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Plagiarism, Copyright, and the Honor Pledge Cont’d

Class Agenda

  1. Tech Presentation: Group #2–Buzzfeed
  2. What is plagiarism in the digital age?
  3. Copyright Discussion
  4. Learn how to add a Creative Commons license to your blog
  5. Honor Pledge
  6. Wrap-up

Copyright & Plagiarism Discussion

Participation Activity: Log in to Canvas‘ ‘Discuission’ section and answer WTL #6: Take 5 minutes to write out your thoughts about what plagiarism consists of in the digital age.  Remember that plagiarism is the ethical side of using other people’s material.

Here is our running list of questions/issues we should consider with a few additions in orange:

  • citation v. remix v. piracy
    • two changes in code—technology and law—created a copyright crisis (Lessig and Devoss & Porter, p. 188)
    • file sharing and remix rely on the ethic of citation (Devoss & Porter, p. 186-187)
  • writing/print v. other forms of media
  • producers v. consumers (Devoss & Porter, p. 190-191)
  • what is creativity? what is originality?
  • what about an artist’s ability to make a living from her art?
  • What is fair use?
  • What does ethos have to do with all of this?

Let’s continue using the remix of the 2004 Pepsi/iTunes Superbowl commercial to explore these issues and then look at the controversy over the selling of “Who Dat Nation” t-shirts when the Saints were in the Super Bowl.

Here is the original commercial:

Here is the remix:

When the New Orleans Saints were in the Super Bowl several years ago, street vendors began selling “Who Dat Nation” t-shirts that featured the fleur-de-lis image:

whodat

The NLF sought to stop the production of these shirts because it claimed it owned the excessive right to use the fleur-de lis in conjunction with football. Ultimately, what it wanted was control over the profits generated by these shirts and the right to trademark the phrase “Who Dat Nation.” Should they have such exclusive rights to a phrase made popular by fans and originally taken from an Aaron Neville  song? If not the NFL, who, if anyone, should have such rights?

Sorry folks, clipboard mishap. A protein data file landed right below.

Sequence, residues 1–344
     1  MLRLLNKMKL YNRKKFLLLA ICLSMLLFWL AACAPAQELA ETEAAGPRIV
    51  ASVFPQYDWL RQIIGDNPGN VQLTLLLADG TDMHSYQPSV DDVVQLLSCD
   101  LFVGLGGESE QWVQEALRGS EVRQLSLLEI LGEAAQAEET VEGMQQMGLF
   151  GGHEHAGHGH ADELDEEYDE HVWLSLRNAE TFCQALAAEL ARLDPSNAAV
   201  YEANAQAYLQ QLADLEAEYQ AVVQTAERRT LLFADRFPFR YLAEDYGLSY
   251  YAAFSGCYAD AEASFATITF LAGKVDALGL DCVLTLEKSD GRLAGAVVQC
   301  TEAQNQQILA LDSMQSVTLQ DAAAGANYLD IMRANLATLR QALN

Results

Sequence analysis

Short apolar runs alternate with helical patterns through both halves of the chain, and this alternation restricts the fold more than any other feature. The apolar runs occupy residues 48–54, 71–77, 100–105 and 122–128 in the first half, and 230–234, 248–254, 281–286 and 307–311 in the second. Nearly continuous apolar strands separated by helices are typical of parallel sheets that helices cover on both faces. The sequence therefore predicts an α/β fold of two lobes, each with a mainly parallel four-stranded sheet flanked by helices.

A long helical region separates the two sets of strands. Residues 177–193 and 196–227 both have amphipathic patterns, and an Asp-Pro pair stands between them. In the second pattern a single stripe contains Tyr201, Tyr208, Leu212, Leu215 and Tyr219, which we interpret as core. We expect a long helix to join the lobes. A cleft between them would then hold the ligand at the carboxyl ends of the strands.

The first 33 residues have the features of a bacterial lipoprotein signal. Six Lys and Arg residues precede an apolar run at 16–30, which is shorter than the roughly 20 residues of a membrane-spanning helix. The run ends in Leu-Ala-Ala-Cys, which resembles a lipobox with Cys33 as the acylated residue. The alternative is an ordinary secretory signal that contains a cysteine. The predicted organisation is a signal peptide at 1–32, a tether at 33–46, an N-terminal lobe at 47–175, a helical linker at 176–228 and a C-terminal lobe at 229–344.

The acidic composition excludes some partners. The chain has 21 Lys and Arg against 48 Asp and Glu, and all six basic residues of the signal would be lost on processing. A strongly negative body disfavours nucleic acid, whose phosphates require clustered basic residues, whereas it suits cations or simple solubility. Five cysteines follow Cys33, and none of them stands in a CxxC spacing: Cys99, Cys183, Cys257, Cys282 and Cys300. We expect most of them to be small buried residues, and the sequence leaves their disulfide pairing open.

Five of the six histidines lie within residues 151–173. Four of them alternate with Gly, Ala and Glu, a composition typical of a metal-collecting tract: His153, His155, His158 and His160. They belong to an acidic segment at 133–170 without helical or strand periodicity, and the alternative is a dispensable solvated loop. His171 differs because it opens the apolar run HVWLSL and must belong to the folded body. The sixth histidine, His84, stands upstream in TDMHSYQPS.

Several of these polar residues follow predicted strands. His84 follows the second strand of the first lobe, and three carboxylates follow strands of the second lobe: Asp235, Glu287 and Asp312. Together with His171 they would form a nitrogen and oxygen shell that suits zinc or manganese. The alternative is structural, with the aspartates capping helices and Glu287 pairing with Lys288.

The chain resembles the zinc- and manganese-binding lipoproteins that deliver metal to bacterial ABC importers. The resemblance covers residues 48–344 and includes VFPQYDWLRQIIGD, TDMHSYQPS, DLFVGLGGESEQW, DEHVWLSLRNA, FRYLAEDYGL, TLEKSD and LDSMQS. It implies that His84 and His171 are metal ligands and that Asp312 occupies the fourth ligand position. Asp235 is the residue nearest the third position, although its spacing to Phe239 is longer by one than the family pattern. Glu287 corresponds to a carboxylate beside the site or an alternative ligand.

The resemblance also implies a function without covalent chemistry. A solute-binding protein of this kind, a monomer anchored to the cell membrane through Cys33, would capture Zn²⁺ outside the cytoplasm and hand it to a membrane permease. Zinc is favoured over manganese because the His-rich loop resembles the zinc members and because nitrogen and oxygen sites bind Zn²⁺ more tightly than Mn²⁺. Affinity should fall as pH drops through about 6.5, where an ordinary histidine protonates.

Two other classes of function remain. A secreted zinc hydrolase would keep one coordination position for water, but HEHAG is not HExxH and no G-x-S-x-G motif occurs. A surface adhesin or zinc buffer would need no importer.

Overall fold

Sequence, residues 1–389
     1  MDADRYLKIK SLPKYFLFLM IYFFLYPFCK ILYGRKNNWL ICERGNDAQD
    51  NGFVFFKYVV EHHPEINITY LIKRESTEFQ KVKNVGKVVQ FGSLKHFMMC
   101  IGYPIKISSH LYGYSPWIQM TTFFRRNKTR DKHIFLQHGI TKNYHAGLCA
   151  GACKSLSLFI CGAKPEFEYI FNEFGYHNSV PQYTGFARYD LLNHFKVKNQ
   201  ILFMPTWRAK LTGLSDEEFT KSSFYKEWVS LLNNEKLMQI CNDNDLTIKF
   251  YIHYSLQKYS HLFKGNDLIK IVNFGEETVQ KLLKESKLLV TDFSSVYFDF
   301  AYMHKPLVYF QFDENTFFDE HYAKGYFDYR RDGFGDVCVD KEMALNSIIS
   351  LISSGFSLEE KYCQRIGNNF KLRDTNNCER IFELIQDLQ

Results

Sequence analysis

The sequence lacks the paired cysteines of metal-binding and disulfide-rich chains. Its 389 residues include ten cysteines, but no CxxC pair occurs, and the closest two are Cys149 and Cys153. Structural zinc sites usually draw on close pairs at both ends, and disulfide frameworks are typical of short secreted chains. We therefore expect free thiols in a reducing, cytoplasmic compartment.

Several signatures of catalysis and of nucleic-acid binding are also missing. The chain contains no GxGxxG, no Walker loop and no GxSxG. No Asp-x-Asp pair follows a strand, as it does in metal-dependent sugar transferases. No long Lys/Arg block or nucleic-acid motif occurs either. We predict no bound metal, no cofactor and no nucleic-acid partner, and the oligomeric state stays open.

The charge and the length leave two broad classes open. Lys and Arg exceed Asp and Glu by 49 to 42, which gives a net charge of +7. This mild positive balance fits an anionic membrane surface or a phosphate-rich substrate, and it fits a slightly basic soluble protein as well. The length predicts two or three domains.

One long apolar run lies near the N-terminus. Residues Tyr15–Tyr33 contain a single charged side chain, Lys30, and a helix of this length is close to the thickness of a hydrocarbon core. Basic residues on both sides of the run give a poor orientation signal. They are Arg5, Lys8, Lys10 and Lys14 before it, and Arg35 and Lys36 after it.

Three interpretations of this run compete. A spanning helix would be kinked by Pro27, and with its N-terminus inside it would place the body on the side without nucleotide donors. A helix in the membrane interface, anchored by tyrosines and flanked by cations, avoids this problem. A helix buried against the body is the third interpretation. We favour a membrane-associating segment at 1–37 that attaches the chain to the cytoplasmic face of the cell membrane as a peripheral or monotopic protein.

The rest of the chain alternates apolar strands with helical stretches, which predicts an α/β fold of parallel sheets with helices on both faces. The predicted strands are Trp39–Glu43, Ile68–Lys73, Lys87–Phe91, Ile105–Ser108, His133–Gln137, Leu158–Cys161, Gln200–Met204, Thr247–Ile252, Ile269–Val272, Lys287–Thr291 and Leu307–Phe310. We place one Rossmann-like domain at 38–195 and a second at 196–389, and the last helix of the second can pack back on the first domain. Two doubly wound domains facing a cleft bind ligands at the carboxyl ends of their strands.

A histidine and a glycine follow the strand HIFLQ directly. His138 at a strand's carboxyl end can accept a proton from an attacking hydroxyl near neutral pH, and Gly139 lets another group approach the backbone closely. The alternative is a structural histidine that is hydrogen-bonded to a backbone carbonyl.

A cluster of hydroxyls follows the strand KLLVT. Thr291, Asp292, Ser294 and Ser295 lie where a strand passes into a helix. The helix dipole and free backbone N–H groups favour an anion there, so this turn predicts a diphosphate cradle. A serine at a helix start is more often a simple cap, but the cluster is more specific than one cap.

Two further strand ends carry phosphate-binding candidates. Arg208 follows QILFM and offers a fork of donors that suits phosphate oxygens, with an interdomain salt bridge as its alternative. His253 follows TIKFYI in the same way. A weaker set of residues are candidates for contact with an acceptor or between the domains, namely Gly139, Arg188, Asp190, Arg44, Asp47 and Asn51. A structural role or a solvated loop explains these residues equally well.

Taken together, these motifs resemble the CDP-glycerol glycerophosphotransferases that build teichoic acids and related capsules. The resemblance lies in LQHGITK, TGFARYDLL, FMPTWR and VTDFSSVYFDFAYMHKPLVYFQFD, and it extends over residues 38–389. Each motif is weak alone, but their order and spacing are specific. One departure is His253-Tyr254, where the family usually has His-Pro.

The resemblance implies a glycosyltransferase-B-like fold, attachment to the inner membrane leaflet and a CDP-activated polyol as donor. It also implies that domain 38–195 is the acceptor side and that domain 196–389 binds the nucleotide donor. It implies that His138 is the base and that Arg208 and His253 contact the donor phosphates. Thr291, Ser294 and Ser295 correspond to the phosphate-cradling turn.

Honor Pledge Drafting

DeVoss & Porter ask writing teachers to reevaluate their approaches to plagiarism (p. 202-203) and I invite you to help me with this by collaboratively authoring our class honor pledge. The standard honor pledge reads as follows:

On my honor as a student, I pledge that I will not receive or give any unauthorized assistance on the assignments for this course.

Here is a version that students in a previous section of CO302 composed:

On my honor as a writer and participant in online spaces, I pledge that I will not claim anyone else’s work as my own regardless of medium or mode of communication (writing, sound, image, video, etc.); I will always provide attribution for the work of others that appears within my projects for this class. I also pledge that when including images and other media in the projects for this class I will, whenever possible, use freely licensed or public domain materials. When it is necessary for me to use copyrighted material for the purposes of social, cultural, or political critique or artistic remix I will abide by what I believe to be an ethical and legal interpretation of the fair use doctrine.

The CO302-specific honor pledge covers both plagiarism and copyright ethics and leaves room for the student to rhetorically justify uses of copyrighted materials that might be outside the letter of the law, but would be in keeping with Kleon, Lessig, or DeVoss & Porter’s philosophies.

What should ours look like?  Suggest some revisions you see that would be appropriate for the way our class wants to address this issue.

Homework:

Read: Sirc, What is Composition After Duchamp?
Listen: What is Original?

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Plagiarism and Copyright (and some advice on the Blog Analysis)

Below is our agenda for today’s class followed by some final advice for completing the Blog Analysis project, which includes a sample analysis of The Pioneer Woman’s blog.

Class session agenda

Go to Canvas and complete the WTL #5 on Copyright, Plagiarism, and Remix